p.s. It was entirely the other guys fault, which makes me feel a little bit better, but still, you have to wonder, is this a critique against my driving style? Could I have prevented it? And what about my future plans? How will this affect me on the road now? (I am planning an African road journey, so maybe if I can survive the dtreets of toronto I can survive the streets of Africa...?)

------------------
Travel Africa Overland...
www.scenicplanet.com offers route planning information, GPS points, shipping contacts and a "lovely array of travelogues". Well, one right now, but lots of photos!


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  #2  
Old 22 Jul 2000
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Location: Seattle,Washington,King
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Hi I am A Motorcycle Saftey Fondation instructor in the US. The only thing I can tell you is what I teach in class. There is right and there is dead right. So even if you are right on what you do you can pay the price and have to remember that. So Always, Always assume that the worst is going to happen and plan for that. Then if it doesn't happen you have a nice surprise rather than if you don't plan that way and you have a bad surprise as you did. Better luck in the future. Mike
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Old 23 Jul 2000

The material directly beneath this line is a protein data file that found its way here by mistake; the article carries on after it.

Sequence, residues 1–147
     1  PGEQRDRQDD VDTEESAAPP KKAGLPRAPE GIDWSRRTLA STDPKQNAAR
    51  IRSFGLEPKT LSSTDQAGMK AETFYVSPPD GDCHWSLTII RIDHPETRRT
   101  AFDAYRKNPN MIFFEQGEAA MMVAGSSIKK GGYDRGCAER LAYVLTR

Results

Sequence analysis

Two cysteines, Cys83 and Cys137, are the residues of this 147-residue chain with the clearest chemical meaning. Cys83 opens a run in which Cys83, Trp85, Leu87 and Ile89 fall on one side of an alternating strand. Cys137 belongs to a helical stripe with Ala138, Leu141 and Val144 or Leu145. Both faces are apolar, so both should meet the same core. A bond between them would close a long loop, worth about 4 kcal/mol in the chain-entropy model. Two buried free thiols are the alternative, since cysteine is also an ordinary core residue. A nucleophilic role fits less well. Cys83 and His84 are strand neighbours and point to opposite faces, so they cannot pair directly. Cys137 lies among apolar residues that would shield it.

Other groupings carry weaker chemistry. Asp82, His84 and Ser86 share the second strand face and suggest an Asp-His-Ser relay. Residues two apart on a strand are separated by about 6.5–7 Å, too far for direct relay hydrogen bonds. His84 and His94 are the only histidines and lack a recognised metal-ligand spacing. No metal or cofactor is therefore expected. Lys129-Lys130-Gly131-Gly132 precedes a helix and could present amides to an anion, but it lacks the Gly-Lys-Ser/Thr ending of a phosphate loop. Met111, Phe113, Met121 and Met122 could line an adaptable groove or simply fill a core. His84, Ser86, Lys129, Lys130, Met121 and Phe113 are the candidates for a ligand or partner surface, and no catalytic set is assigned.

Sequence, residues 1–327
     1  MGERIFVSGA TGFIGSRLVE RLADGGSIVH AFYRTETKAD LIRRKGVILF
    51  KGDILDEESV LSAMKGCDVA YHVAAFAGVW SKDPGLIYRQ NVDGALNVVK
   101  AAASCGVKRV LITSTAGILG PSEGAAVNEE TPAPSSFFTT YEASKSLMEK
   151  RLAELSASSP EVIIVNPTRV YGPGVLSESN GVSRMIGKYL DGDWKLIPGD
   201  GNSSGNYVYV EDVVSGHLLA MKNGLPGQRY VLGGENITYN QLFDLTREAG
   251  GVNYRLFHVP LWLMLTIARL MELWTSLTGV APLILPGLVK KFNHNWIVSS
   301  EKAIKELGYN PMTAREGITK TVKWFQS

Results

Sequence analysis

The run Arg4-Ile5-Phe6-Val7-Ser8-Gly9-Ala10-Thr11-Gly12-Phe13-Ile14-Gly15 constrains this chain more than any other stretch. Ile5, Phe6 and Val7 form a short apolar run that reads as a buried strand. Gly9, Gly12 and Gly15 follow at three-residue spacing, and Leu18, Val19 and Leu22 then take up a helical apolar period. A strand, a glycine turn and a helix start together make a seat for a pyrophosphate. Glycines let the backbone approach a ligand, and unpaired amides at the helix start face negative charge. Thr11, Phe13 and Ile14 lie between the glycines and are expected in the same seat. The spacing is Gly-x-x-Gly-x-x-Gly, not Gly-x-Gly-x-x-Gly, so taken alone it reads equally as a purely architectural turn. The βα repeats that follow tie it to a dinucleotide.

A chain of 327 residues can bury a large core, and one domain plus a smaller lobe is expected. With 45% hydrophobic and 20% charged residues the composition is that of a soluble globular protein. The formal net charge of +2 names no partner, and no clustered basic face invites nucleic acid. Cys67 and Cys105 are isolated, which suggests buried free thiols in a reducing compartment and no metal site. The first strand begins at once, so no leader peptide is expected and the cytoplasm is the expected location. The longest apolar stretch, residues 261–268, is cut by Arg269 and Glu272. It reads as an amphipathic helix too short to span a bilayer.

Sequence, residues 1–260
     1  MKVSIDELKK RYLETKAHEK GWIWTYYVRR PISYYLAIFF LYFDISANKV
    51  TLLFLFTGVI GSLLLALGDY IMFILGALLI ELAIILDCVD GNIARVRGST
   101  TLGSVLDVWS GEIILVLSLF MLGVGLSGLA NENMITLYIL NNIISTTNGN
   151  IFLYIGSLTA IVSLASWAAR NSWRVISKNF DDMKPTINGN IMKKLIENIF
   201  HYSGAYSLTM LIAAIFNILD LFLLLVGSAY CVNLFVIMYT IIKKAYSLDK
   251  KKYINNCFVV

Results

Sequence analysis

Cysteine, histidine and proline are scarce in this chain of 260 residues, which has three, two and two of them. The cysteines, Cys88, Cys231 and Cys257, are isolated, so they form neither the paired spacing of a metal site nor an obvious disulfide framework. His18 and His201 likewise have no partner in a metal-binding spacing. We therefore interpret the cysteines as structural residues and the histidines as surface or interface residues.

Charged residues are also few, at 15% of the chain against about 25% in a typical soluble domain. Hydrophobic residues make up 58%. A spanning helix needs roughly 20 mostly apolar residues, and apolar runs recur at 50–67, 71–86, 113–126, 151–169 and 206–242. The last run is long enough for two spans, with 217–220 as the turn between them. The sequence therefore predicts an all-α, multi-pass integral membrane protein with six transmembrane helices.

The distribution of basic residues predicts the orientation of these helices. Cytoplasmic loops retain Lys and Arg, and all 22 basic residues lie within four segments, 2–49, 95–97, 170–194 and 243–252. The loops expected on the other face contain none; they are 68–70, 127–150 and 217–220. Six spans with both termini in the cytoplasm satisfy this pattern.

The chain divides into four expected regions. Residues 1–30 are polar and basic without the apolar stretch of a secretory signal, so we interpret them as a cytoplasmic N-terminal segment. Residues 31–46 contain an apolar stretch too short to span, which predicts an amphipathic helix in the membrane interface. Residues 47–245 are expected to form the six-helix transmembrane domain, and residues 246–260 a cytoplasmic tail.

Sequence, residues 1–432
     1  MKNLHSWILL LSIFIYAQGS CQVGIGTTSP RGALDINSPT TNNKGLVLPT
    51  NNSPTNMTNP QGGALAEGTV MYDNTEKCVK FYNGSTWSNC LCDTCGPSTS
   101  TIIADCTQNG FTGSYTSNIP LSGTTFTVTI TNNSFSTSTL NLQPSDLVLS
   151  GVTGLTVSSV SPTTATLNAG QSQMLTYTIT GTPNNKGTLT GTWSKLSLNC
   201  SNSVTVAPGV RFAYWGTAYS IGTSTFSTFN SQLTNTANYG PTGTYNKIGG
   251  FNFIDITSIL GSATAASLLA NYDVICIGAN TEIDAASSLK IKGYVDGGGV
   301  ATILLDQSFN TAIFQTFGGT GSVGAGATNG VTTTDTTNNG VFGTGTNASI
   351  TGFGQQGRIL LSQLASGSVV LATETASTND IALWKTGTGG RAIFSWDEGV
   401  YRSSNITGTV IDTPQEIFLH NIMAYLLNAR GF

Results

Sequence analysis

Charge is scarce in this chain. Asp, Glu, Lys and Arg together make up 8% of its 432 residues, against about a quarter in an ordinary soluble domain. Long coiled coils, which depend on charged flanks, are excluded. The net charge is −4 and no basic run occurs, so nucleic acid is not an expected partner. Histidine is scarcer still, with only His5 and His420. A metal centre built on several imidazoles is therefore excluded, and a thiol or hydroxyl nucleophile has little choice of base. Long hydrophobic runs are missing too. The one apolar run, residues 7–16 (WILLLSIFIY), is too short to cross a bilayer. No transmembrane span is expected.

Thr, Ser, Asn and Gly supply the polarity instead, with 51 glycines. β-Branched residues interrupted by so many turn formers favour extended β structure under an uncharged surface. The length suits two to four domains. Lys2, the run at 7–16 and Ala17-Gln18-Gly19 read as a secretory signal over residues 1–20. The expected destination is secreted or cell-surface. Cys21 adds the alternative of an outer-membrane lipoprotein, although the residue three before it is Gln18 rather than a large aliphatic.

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Join Date: Aug 1999
Location: Victoria, BC, CA
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Well, you _did_ ask for critique so I'm going to give it - but you won't like what I have to say...

>So, doing about 50 km/h I notoiced a large, blue sedan placed perpendicular in the line
>of traffic - obviously doing a u-turn.
>Honking, I slowed a bit, and went to go around him, as he had stopped
> p.s. It was entirely the other guys fault, which makes me feel a little bit better, but
> still, you have to wonder, is this a critique against my driving style? Could I
> have prevented it?

You were going 50 KMH, or about 30 mph. A typical street bike doing that speed can come to a complete stop in about 30 feet, or 10 metres. Unless this guy made a sudden U-turn from less than 10 metres away, you should have been able to come to a complete stop in time to avoid the crash.

I'm not a traffic cop, but I suspect that the police will assess you as being at least partly at fault.

>Will it get written off? What are the odds od structural damage? Can my confidence be
>restored to a bike that was in an accident?

I don't know how insurance works in Ontario, but my guess is that they'll offer you a cash payment equivalent to the blue book value of your bike (ie. not much for a ten year old bike).

You don't mention your level of experience or training. Drivers in North America are far more friendly and law-abiding than those in the 3rd world. My suggestion would be to get a lot more practice riding in heavy street traffic before you go off on your trip.


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Bruce Clarke
brclarke@islandnet.com
www.islandnet.com/~brclarke